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As for sizing, first I made a 38A just like Watson. The band was way too big and the cups where fine on my larger size but a little generous on my smaller side.   I went back and actually  read the sizing directions and found out I should have made a 34C. If you are familiar with bra sizing you know that  these are sister sizes so the cups are the same between 38A and 34C. Since the first bra was a bit generous I sewed up the next as a 34B instead. This time around the band was way too tight.   I feel a little like goldilocks at this point, too loose, too, tight….the only thing left is “just about right”.  The cups felt right but I was getting a bit of “quad-boob” at the top which is normally an indication that the cup is too small. However I thought this might be happening because I stretched the picot too tight over the top edge of the cup. For the third bra I decided to sew a 36A. Which is a larger band but the same size cup. I didn’t stretch the elastic at all over the top of the cup. I am very pleased with the results.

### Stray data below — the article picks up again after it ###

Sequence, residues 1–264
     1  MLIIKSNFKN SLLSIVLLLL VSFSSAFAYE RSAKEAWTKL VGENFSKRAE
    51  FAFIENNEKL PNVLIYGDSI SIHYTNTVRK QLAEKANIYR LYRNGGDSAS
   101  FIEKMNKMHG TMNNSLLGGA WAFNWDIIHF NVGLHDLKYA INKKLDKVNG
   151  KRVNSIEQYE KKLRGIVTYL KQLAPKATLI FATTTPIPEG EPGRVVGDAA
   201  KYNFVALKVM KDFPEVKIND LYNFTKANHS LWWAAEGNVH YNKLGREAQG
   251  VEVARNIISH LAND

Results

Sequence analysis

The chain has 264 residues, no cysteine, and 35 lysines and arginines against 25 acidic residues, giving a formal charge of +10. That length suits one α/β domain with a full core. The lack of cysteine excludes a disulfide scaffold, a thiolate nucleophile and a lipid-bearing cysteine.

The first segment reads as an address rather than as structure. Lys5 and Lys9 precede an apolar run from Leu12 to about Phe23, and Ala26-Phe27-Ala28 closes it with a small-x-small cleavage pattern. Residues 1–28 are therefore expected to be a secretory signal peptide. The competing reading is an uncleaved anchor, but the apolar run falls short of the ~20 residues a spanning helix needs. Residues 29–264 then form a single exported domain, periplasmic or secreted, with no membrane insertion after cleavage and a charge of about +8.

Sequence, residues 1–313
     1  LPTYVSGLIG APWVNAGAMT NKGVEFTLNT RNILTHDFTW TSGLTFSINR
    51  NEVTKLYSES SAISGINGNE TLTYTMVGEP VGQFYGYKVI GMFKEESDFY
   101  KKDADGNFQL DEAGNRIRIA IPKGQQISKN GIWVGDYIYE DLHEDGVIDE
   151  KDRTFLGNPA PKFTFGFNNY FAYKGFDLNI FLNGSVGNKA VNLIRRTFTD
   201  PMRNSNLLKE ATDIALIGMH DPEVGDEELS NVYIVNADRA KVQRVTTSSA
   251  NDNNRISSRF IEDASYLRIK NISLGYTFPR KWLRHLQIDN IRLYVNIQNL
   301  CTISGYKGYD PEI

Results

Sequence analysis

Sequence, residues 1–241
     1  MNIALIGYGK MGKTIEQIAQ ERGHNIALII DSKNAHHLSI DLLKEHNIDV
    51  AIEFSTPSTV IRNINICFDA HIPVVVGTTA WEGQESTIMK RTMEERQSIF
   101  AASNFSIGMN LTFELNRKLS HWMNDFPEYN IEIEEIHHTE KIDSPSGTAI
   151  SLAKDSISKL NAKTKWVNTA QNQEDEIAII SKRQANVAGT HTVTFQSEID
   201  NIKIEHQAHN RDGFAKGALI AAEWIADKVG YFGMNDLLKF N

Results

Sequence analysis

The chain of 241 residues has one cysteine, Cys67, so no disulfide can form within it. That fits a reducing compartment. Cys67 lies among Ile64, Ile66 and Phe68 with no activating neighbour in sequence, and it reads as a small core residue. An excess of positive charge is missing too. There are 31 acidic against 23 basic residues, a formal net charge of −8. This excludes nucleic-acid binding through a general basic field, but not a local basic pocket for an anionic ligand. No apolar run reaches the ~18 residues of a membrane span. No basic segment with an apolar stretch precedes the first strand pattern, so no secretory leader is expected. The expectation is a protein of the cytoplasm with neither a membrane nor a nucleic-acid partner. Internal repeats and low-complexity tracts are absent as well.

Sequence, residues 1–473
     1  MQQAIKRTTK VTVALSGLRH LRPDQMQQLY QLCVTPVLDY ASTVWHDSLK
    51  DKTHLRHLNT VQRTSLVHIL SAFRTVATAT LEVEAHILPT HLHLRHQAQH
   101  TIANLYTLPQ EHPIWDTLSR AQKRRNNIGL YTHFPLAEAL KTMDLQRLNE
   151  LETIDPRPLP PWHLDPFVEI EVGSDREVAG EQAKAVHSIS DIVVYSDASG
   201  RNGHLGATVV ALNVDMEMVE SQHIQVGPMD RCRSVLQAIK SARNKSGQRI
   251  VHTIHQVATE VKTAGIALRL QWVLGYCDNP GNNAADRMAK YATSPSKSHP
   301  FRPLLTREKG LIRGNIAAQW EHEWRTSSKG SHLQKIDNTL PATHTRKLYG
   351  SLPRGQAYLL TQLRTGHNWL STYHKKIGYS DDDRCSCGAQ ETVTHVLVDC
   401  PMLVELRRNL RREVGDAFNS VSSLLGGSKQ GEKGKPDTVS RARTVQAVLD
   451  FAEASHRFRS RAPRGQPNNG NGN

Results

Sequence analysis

I’m still having ever so slightly quad-ness with this size but with some tugging I think that I have identified that it’s a result of the straps being too short. I cut the straps at 18″ because I like the idea of it taking exactly 1 yard of strapping to make a bra but I think moving forward I could benefit from just a couple inches more on each strap. Unlike the Watson I think this was gives a nice shape. Probably because the stable cup fabric forces the tissue to conform to it and not vice versa.

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I noticed on my first two “practice” Harriets that the silk charmuse unraveled  like a beast. Since this pattern is unlined it made for messy insides. For this last bra I serged all the seams with matching thread and I am hoping this will keep it much nicer looking.

Now you might think that this was an awful lot of bra sewing but actualy I made all the bras from this post over the course of a single week. I can do an entire bra including cutting and sewing starting after my morning yoga and be done before our 11am walk. I can reasonable get 2 done a day if I wanted. Thats one reason why I am finding bra sewing very satisfying. Its quick but the result looks like a construction master piece. I have many many many more bras in my queue. Here is just a sneak peak.